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Dusted

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Dusted

I had finished mowing my grass and was now weed eating around bushes and trees. Behind our house is a field that a local farmer harvests for hay several times a summer. The front yard was done and I moved into the backyard with the weed eater. Making my way along the fence line I was hot, sweating and looking forward to sitting down in the shade. The farmer that used the field was also out turning the grass with his tractor which would eventually become hay bales. He was stirring up a lot of dust. I don’t know if he didn’t see me or didn’t care but he and I ended up in the same place on either side of the fence. The dust kicked up went everywhere. I couldn’t see because it was in my eyes, and clung to my sweat and made me even more of a filthy mess. I stopped until the dust settled and I could use my shirt to wipe my eyes and glasses filled with grass and dirt. Afterward, I completed the chore and thankful not to be dusted again.

Going inside I saw the dust continue to rise and blow in the wind as the farmer worked the field. I thought about certain people come into our lives like a dust cloud blowing things everywhere, marking our lives with their presence and then leaving all they’ve touched a mess. When they’re gone we find ourselves disoriented, shaking off the negativity and trying to continue living the best we can. Some people don’t know they do this, others don’t care. Either way, the key to recovering is to be still and wait. Sooner or later, after they blow away and we can regain our focus, our purpose, and try to make sure it doesn’t happen again.

For more posts, reflections and other writings, please visit: http://www.thewannabesaint.com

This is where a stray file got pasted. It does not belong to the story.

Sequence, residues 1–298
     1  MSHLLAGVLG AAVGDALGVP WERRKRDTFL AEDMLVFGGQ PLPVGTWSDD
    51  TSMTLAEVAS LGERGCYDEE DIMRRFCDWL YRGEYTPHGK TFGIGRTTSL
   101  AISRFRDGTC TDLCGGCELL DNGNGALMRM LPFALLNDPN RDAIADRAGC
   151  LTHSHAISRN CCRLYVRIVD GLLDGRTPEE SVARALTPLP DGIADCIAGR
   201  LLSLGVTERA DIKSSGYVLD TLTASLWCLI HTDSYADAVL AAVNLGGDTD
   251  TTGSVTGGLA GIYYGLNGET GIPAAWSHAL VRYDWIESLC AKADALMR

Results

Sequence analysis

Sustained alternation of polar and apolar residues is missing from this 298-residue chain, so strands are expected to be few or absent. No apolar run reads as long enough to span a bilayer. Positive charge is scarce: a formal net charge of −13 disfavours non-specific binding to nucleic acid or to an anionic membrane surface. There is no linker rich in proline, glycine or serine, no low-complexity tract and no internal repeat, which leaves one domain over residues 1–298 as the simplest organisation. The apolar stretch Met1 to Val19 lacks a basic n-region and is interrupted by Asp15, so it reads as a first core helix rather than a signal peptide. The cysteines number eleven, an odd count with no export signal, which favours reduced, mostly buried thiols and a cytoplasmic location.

blessings,
@BrianLoging (Twitter)

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Project: Never Ending

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Project: Never Ending

Today my wife and I hung the screen doors on our “never-ending project” we also call the porch. The doors made it look more completed and the end is in sight! However, we’ve said that before and then life gets in the way. Too many things to mention are more important than the project and we’ve set it aside several times to go and help others or have accepted the help of others during the past couple of years. When we finished hanging them we stepped back to the driveway and admired our work. Not perfect but not bad.

Wisdom teaches us that our lives may be never-ending projects but not in the same way as the porch. Those looking for truth accept that we will never stop learning, growing, if wisdom is what we seek. There will be breaks in between. Times when we need to accept our place on the path and rest. Other seasons where we focus our energies elsewhere by helping our family, neighbors, community, nation, and the world.

Finding balance is the key to grow, not at the expense of others, but with them.

blessings,
@BrianLoging (Twitter)
thewannabesaint.com

Cleaning Out

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Cleaning Out

The last two days my mother and I have been working in my dad’s garage. It may be mom’s house but it will always be dad’s garage. We’ve been going through a lot of stuff which needed to be sorted. By the time we finished I had things to throw away, to keep and the garage was clean and organized.

It was a sad and enjoyable time rummaging through dad’s things. He loved tools and one could tell as we tried collecting them in one place. There was paint from projects long ago completed and recent work. Other items hadn’t been opened yet and we wondered; “What project was he thinking about when he bought this?

The garage was a sacred space for my father. None of us would’ve dared gone in and rearranged it before his passing. My mom said this morning; “I know it needs to be done but I don’t want to do it.” I understood what she meant. There was a sense of invading another’s domain, eery and holy at the same time. There were items we kept not because they were important but because we just aren’t ready to part with them.

I think this best describes our walk down the path this week. We know we must go on without dad but we just aren’t ready to part with him.

blessings,
@BrianLoging (Twitter)
thewannabesaint.com

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